News broke over the weekend that the London Stock Exchange (LSE) is in talks with Refinitiv to take over the former risk and finance unit of Thomson Reuters, in a transaction valued at $27 billion.
Should it come to pass – and given the specificity of press reports, it seems it most likely will – the transaction will yield Refinitiv owners $7 billion in a year. As they say: nice work if you can get it.
But what will LSE get for its money, and what would a combined LSE-Refinitiv look like?
While most of the mainstream press has suggested the move will bolster LSE’s information services activities – as a hedge against declining revenues from traditional exchange activities like listing and trading – it’s worth remembering that LSE was once a Top Three market data terminal provider for the London marketplace, along with Reuters and the long-defunct Telerate. LSE spun off the bulk of its lucrative market data business to ICV (later part of the Primark group that was gobbled up by Thomson Financial) and Telekurs (the Swiss data vendor that is now part of SIX Group).
As such, any acquisition of Refinitiv would mark a return to familiar pastures for the LSE. It would also follow a similar route set by ICE, which acquired Interactive Data Corp. to bring itself back into the financial information space, having spun off the New York Stock Exchange’s NYSE Technologies unit to SR Labs (now Vela) soon after buying the exchange.
For the LSE, Refinitiv would bring a substantial desktop terminal business in the form of Eikon, and an established data delivery and hosting infrastructure in the form of Elektron. It would also bring significant products in the analysis and big data space, as well as a number of FX-oriented execution venues, Deutsche Boerse having announced at the weekend it was dropping its bid for FXall (Refinitiv also operates interbank order-matching systems in the FX marketplace).
For its part, the LSE already operates a wholesale market data business (via the sale of its real-time market data for its trading markets in equities and fixed income), and offers high-performance connectivity and colocation services for institutional players. Adding Refinitiv’s terminal, data feed and hosting businesses would certainly bolster this area of the business. But some questions remain that doubtless will come out in the wash of a final deal.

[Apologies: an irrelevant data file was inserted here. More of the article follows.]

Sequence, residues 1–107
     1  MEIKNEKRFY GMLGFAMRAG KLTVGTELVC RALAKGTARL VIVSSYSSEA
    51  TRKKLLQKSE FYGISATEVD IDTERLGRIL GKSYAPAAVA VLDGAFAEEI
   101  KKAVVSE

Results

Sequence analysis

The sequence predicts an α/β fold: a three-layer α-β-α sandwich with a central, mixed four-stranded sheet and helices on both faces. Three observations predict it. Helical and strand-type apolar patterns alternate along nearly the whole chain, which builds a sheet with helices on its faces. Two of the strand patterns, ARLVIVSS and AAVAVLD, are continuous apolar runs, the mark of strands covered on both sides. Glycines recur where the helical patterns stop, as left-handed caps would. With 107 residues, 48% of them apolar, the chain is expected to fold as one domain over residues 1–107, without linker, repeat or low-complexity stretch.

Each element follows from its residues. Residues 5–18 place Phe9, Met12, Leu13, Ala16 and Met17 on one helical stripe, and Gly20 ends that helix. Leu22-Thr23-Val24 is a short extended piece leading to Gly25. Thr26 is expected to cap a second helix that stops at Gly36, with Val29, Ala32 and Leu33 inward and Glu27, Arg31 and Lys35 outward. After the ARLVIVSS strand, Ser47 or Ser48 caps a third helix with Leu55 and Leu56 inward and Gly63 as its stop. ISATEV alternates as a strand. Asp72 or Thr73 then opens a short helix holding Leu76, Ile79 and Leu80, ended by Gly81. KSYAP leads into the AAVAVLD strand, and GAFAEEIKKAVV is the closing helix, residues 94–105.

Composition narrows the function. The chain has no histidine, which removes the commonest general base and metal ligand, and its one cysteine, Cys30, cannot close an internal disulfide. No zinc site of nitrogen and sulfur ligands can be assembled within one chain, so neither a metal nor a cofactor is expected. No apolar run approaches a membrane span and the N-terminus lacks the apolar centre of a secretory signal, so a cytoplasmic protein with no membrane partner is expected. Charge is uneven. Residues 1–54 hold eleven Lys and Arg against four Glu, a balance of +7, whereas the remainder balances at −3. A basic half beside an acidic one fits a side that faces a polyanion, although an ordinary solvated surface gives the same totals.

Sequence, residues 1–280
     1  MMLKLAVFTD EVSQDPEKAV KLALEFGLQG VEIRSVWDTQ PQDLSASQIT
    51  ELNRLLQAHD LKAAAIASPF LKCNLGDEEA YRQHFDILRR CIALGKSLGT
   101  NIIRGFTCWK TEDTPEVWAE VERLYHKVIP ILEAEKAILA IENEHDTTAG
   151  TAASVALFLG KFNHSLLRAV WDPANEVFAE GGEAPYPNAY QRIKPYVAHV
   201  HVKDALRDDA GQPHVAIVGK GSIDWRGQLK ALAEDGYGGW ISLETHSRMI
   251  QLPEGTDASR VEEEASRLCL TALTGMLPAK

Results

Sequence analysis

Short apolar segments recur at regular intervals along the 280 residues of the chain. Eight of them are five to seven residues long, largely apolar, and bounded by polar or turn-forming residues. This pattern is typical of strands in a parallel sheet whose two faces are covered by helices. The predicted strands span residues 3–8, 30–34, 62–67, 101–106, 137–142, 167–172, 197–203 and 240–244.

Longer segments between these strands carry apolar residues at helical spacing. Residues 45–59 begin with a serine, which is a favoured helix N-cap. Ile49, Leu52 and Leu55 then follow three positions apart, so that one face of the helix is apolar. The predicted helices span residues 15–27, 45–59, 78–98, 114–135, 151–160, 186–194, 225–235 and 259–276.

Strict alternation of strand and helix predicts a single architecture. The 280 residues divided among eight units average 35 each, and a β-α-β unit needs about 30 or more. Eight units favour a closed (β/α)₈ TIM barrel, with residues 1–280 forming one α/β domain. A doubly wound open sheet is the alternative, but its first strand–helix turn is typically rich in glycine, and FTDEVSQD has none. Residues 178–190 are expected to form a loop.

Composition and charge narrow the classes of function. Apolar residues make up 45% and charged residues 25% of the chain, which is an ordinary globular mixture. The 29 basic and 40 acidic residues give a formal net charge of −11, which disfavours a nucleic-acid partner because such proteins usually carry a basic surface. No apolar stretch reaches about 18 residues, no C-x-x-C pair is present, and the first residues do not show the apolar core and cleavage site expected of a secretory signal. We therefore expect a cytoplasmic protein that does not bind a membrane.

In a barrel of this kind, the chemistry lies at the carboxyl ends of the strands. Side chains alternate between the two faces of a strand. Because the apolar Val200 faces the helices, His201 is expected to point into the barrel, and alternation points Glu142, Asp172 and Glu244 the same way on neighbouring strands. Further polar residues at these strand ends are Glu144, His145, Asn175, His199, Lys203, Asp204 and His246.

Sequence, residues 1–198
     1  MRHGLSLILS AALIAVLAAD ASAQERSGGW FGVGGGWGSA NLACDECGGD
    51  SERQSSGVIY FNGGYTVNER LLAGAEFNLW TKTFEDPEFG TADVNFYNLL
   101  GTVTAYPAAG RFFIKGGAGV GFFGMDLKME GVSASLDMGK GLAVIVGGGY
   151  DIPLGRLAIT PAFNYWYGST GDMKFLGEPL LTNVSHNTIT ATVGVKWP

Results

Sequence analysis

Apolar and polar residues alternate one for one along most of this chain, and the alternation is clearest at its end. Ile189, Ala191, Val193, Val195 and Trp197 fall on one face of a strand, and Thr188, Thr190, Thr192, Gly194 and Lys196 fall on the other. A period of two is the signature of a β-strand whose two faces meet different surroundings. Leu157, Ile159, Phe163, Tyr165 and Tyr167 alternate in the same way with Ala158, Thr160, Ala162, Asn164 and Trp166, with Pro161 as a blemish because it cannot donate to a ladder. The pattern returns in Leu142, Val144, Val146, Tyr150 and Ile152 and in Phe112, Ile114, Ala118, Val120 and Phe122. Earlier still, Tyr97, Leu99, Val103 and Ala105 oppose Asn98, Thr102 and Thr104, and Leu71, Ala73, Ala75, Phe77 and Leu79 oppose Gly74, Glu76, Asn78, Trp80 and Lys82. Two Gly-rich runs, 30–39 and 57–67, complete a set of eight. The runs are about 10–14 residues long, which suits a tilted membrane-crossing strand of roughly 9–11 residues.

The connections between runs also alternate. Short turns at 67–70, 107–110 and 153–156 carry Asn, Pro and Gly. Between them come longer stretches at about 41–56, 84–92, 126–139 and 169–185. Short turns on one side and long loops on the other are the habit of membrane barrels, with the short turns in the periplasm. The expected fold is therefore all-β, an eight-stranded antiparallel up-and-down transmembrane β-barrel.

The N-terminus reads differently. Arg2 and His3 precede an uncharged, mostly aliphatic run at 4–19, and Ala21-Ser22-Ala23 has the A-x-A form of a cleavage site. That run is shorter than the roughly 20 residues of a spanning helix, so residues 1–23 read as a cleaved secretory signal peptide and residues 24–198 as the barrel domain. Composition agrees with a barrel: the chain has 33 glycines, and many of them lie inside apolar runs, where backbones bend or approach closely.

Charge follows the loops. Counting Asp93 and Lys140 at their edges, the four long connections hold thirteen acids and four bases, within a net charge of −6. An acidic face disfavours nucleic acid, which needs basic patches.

It seems unlikely (and probably contractually impossible), for example, that LSE would seek to offer its data exclusively via Refinitiv terminals and data feeds, as some observers have suggested. Also, it’s not clear what future the LSE’s fundamental data offerings would face, given Refinitiv’s extensive offerings in this space.
The status of Thomson Reuters’ 30-year deal to provide news services to Refinitiv may also come under review, especially given Dow Jones’ recent agreement to provide Bloomberg with its news services – at a significantly lower price than TR’s existing contract with Blackstone, according to sources familiar with the arrangement. Some observers have suggested Thomson Reuters is keen to include the news organisation within the LSE deal, but it’s not clear how an exchange could operate a news agency tasked with reporting on the performance of its listed companies without falling foul of regulators.
For both organisations, though, the transaction could be a conduit for the kind of digital transformation to modern delivery technologies that clients are asking for. Both have in common the fact that their primary London data centres are approaching end of life, and a merger could create the opportunity for a true migration to the cloud for appropriate services while establishing state-of-the-art hosting and management for high-performance and critical activities like market data and order-matching.
The devil, they say, is in the detail. We are looking forward to learning more as details of the final deal emerge in the coming days and weeks.